Nelson's state court complaint alleged only state causes of action, which the district court determined were pre-empted by ERISA. This raises a question whether removal was precluded by the "well-pleaded complaint" rule on the grounds that ERISA pre-emption is merely a federal defense. The answer is no. First, removal was based on diversity jurisdiction under 28 U.S.C. Sec. 1332, as well as federal question jurisdiction under 28 U.S.C. Sec. 1331. Hence, the district court had jurisdiction whether or not a federal question would have appeared on the face of a well-pleaded complaint. Furthermore, where, as here, state law claims are not only pre-empted by ERISA but also come within the scope of the civil enforcement provisions of ERISA Sec. 502(a), the action is "necessarily federal in character by virtue of the clearly manifested intent of Congress" and is properly removable to federal court. Metropolitan Life Ins. Co. v. Taylor, 107 S.Ct. 1542, 1548 (1987). Nor was the district court required to dismiss the action under the derivative jurisdiction doctrine, as state and federal courts have concurrent jurisdiction over claims under 11 U.S.C. Sec. 1132(a)(1)(B) for the denial of benefits. 29 U.S.C. Sec. 1132(e). Because Nelson's complaint was properly construed as one for relief under this section, the state court had jurisdiction over the action prior to removal.
It is clear that ERISA pre-empts state tort and contract actions, including breach of the implied covenant of good faith and fair dealing, against ERISA fiduciaries arising from improper handling of claims, wrongful denial or termination of benefits, or interference with the right to benefits. Pilot Life Ins. Co. v. Dedeaux, 107 S.Ct. 1549 (1987); Nevill v. Shell Oil Co., 835 F.2d 209, 212 (9th Cir.1987); Sorosky v. Burroughs Corp., 826 F.2d 794, 799-800 (9th Cir.1987); Moore v. Provident Life & Accident Ins. Co., 786 F.2d 922, 926 (9th Cir.1986); Clorox Co. v. United States Dist. Court for the N. Dist. of Cal., 779 F.2d 517, 521 (9th Cir.1985).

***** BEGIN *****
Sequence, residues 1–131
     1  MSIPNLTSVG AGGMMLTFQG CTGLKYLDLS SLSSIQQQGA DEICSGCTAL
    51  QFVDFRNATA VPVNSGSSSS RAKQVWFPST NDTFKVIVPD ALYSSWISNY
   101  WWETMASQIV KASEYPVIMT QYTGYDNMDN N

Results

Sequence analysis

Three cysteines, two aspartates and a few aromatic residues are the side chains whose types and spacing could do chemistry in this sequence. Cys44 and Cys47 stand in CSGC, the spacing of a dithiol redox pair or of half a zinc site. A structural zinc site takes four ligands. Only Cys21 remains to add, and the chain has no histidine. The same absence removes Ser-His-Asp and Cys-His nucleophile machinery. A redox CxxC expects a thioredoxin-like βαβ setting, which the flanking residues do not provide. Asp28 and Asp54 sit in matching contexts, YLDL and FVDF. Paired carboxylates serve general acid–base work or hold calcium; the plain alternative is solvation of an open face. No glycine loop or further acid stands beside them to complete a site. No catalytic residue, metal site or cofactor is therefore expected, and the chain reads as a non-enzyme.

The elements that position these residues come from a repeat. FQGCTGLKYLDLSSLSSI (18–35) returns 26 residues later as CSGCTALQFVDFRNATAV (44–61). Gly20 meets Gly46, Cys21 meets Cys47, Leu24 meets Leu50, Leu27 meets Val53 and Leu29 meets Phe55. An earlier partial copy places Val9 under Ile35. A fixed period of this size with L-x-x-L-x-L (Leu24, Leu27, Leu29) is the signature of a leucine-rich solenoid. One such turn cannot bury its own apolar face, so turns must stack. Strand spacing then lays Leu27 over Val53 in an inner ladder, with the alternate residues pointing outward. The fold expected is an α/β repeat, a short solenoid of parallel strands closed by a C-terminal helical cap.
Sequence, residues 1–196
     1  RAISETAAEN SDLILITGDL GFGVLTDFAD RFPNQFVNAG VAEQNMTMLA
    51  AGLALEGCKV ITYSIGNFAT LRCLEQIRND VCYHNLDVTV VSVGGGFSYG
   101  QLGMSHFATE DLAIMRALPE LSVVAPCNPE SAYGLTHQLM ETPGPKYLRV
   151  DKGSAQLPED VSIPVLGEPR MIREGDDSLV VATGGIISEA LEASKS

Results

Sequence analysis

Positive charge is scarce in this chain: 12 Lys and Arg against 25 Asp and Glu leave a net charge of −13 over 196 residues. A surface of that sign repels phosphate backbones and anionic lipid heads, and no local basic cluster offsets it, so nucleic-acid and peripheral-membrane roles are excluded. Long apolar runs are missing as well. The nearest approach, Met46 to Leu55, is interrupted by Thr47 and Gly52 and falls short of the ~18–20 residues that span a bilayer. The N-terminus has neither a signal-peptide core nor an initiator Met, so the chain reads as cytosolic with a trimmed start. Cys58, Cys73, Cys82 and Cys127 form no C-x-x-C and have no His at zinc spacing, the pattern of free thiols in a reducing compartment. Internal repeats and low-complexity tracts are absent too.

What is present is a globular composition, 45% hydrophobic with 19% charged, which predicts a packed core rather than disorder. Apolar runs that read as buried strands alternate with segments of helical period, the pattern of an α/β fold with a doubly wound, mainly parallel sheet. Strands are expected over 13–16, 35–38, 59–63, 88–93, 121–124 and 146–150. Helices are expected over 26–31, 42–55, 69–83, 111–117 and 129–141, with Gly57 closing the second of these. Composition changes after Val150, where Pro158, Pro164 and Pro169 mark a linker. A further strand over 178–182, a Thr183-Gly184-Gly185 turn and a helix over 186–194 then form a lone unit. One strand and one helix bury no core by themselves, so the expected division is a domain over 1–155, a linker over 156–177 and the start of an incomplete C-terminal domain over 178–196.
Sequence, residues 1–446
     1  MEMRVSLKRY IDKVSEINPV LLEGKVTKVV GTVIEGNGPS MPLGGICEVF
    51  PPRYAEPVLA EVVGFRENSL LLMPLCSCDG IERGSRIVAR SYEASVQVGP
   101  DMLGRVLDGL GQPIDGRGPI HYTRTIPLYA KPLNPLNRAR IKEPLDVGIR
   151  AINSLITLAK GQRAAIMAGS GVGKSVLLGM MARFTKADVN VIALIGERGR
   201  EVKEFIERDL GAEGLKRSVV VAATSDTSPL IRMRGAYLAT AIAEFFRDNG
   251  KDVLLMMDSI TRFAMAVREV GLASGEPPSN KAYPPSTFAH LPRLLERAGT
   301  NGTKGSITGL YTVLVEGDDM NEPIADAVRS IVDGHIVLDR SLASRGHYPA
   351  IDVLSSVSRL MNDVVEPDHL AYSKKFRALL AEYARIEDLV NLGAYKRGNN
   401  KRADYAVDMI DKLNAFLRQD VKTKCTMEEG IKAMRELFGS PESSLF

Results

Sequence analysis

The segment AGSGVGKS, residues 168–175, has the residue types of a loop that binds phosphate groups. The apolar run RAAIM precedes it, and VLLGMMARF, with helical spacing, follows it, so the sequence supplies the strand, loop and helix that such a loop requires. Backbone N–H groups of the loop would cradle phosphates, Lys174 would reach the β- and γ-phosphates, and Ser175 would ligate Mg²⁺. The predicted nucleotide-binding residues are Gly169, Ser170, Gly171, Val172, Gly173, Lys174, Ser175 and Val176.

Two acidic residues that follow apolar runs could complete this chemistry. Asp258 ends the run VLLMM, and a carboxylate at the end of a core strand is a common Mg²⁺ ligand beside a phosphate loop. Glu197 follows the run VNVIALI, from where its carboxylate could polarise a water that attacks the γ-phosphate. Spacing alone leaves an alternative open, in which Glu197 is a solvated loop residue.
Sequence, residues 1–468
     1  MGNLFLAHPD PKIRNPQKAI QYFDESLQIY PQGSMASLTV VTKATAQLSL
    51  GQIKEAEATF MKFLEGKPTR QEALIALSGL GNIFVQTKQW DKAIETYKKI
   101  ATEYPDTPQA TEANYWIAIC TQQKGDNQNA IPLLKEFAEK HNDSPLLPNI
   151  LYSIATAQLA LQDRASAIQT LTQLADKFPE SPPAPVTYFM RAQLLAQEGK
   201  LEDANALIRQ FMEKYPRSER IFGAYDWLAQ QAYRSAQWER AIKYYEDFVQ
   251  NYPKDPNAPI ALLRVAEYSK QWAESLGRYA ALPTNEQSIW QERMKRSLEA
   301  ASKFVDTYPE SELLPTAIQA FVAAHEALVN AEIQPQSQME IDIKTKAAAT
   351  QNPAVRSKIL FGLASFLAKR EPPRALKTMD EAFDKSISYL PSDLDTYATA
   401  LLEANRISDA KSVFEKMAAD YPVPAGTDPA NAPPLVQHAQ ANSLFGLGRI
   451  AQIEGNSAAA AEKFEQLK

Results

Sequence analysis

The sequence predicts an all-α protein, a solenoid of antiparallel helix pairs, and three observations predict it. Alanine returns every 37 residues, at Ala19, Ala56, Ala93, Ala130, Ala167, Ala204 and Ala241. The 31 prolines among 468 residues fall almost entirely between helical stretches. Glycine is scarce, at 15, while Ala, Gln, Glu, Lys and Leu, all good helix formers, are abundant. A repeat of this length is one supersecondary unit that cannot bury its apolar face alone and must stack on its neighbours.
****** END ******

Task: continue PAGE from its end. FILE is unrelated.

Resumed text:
Nelson attempts to distinguish these cases and avoid ERISA pre-emption by arguing that his claim is based on Wick's conduct as an employer, not as a fiduciary or administrator of the plan. He maintains that causes of action based on such conduct do not "relate to" the employee benefit plan and therefore are not pre-empted by ERISA. See 29 U.S.C. Sec. 1144(a). State law causes of action "relate to" an employee benefit plan if they have "a connection with or reference to such a plan." Sorosky, 826 F.2d at 799-800. State law is pre-empted if the regulated conduct is part of the administration of the benefit plan or if its effect is to regulate "matters regulated by ERISA: disclosure, funding, reporting, vesting, and enforcement of benefit plans." Nevill, 835 F.2d at 212.
The specific acts or omissions on which Nelson bases his claim are his supervisor's failure to let him know whether he was covered by the medical plan, as allegedly promised, and, more generally, Wick's failure to personally notify him when he no longer met the plan's eligibility requirements and its failure to inform him that he had 31 days in which to apply for an individual policy after his coverage terminated. Nelson concedes that he had access to the plan document, where both the eligibility requirements and the 31-day provision were set forth, and that he "probably looked at it once." He does not claim that Wick breached its duty under 11 U.S.C. Sec. 1132(c) to supply requested information or its duty under 11 U.S.C. Sec. 1021(a)(1) to furnish a summary plan description. Nor does he claim that his supervisor affirmatively represented to him that he was covered at the time of the accident. The damage Nelson views as stemming from Wick's alleged misconduct is Nelson's personal responsibility for $54,000 in medical costs and resulting mental anguish.